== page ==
Chiang Kingsong, an associate professor at the Xiamen University Institute for Population Studies, said the government should go further and completely remove the boundaries so that families can decide if they want children.
“The Chinese government can ease the number of children in families, provide maximum support to families with the ability to have more babies,” he told Al Jazeera.
“Instead of assigning how many children they can have, the government should reduce the burden on the family to increase their intention to give birth,” he said. “It is predictable that even if couples were allowed to have a third child, most couples would not allow it.”
Moving the needle
The failure or stagnation of the birth rate may not be so significant at this time, but as China’s population ages rapidly, economic growth could hit as the workforce shrinks in 15 years, according to a post by chief economist Yu Soo Economist Intelligence Department.
The new three-child policy could also have a negative short-term negative impact on women, she writes, with companies suggesting that women want more children and may prefer to hire men to avoid maternity costs and work. far from time.
Ashton Werdery, an associate professor of sociology and demography at Penn State University, says the three-child policy seems to be more a response to recent census data showing that China is rapidly aging and closing in on its peak population. : , but a detailed policy to try to relieve the pressure may come later.
“I would not be surprised if they turned to some special loans that people get to have more children or other policies that mitigate the challenges of having more children,” he told Al Jazeera.
For example, Chinese authorities are reportedly encouraging some districts to try parental leave schemes.
“I could have imagined that China could build more apartments, which would be more favorable for large families, and so on,” he said. “The Chinese state is much more involved in the economy, so it can move the needle a little bit.”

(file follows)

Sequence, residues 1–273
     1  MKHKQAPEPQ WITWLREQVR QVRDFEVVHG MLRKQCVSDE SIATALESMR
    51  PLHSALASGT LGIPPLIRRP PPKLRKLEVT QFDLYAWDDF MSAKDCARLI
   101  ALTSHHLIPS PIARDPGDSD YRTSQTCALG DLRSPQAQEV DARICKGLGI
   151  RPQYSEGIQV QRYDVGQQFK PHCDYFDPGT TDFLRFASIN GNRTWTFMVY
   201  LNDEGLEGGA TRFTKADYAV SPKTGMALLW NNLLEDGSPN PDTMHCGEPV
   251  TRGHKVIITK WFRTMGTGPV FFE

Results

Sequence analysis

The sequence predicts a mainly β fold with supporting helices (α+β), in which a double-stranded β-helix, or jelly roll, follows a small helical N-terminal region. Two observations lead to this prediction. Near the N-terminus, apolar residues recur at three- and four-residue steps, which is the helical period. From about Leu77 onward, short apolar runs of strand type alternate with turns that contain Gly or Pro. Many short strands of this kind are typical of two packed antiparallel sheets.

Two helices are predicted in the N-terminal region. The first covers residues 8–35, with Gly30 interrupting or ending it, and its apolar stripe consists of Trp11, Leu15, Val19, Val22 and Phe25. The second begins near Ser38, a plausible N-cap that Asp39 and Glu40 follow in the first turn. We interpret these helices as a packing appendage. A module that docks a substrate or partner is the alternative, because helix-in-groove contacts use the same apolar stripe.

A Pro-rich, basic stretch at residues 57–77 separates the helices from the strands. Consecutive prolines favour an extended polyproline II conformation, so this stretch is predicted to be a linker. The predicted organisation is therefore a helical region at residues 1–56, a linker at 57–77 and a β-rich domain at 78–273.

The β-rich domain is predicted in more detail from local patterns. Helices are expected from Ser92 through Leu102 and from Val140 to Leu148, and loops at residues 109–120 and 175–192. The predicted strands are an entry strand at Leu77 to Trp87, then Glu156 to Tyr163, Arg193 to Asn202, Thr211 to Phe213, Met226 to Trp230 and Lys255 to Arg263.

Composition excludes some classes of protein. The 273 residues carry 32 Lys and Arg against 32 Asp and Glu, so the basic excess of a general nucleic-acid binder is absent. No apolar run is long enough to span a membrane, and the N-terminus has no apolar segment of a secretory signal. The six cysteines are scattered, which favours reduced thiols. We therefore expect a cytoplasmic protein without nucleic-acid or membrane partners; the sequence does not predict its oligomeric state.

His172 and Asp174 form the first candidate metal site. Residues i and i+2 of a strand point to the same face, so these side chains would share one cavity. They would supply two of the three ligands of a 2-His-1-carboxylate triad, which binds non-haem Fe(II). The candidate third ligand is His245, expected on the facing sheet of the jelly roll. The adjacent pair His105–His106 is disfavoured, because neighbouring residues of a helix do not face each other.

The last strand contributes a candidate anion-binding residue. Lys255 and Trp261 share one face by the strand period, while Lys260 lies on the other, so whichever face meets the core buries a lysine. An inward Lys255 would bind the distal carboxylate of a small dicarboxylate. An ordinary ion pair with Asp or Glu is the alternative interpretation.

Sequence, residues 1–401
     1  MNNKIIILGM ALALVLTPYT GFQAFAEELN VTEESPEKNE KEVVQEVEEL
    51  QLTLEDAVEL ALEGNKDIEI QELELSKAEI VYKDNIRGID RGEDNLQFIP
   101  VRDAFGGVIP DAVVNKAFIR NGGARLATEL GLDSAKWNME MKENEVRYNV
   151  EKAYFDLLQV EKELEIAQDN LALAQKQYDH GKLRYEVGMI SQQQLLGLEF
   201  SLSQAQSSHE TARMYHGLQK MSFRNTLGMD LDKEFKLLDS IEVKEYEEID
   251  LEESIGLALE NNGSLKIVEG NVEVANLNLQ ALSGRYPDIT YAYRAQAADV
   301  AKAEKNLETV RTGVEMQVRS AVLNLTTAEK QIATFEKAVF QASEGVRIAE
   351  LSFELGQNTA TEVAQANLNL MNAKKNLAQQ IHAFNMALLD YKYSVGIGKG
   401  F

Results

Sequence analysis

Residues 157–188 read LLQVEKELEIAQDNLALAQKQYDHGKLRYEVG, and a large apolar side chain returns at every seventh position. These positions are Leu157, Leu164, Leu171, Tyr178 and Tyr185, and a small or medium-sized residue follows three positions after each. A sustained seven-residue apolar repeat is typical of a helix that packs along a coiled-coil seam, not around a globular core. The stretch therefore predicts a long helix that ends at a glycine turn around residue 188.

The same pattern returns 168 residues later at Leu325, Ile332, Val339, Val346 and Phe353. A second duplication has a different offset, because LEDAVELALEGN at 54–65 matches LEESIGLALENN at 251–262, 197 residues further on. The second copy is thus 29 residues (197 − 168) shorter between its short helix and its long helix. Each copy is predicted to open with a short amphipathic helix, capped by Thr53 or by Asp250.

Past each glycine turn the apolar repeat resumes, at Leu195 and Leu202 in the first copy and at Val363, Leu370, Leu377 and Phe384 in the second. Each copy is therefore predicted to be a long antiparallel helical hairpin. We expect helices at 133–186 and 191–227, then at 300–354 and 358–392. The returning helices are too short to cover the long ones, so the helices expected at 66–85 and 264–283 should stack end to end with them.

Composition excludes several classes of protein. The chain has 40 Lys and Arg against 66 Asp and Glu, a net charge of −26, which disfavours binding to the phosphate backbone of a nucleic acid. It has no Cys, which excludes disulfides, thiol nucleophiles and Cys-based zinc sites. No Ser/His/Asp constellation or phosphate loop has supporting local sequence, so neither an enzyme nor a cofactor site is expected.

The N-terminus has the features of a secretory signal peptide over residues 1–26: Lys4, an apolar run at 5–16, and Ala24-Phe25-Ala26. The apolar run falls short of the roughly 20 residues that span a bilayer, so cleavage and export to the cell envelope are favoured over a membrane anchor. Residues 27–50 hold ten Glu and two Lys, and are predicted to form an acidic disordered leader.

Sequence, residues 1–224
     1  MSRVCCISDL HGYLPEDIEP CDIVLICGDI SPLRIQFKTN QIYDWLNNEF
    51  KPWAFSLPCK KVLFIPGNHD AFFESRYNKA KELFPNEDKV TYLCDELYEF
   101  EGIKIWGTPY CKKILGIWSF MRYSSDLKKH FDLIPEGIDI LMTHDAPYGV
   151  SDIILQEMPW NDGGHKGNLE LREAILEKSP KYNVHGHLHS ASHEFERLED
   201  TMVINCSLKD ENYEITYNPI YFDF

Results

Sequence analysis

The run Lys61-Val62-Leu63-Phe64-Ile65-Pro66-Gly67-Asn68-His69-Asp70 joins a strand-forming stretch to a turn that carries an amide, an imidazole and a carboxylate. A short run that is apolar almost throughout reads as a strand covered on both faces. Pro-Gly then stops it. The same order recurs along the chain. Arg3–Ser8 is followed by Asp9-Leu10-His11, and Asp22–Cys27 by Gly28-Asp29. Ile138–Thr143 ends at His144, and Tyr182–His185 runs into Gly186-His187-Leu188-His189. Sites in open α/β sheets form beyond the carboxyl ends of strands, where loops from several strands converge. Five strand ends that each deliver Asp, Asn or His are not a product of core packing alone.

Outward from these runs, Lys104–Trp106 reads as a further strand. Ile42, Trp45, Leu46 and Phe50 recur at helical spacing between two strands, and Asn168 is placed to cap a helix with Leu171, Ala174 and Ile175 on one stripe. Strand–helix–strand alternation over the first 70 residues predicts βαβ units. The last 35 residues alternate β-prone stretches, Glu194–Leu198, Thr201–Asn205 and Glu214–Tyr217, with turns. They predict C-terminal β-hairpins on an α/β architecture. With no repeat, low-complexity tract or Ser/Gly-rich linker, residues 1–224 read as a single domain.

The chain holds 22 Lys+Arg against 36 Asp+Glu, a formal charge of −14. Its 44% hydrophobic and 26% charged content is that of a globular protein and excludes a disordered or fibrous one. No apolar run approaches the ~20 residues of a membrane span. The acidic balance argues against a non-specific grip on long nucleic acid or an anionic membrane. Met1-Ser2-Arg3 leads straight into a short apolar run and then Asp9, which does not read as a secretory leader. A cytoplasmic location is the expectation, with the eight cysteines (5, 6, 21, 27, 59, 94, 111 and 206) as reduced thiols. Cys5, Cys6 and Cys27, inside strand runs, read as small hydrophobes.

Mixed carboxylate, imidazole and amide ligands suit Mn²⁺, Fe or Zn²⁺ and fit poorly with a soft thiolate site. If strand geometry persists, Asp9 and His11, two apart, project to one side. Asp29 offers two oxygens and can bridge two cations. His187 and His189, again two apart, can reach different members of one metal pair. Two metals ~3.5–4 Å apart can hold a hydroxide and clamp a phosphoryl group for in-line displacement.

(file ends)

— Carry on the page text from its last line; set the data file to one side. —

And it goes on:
Stan Acceleration Economist Stan Rosell, Co-Chair of the Rural Education Action Plan for Stanford University, China’s demographic problem is not so much quantity as quality.
Much of the lack of this quality of workforce is due to the fact that China has not been able to provide education for all young people through high school, especially in rural areas.
Without raising the level of education of rural children, rehabilitating those who have not been able to go to high school, just having more children is not going to solve China’s work problems, let alone make it average. income traps such as Mexico or Brazil.
“The quality of people in this post-industrial world is really important,” Rosell said. “If you do not have a high school education, you will not be able to successfully sell online and you will not be able to start a business.”
Recent research by Rozelle shows that the decline in birth rates is largely due to rural China, largely because women there do not think their families can support one or two children.
“My hypothesis is that the great decline in fertility has been mainly from rural China over the last 10 years,” he told Al Azira. “Women now have a lot more leeway in making important decisions such as family size.”
China is currently pursuing a major policy of revitalizing rural communities across the country, but much of it is focused on agriculture, infrastructure, rather than education, health, and social welfare.
Rosell says that over the years, surveys of rural families have shown that although they value the modernization of that infrastructure, for most, the priority is one thing. Education:
“It comes at a time when we do not need a large workforce to lead our societies, we need a high-quality workforce,” Rosell said. “So it is necessary to include education for the reconstruction of villages?” Absolutely. “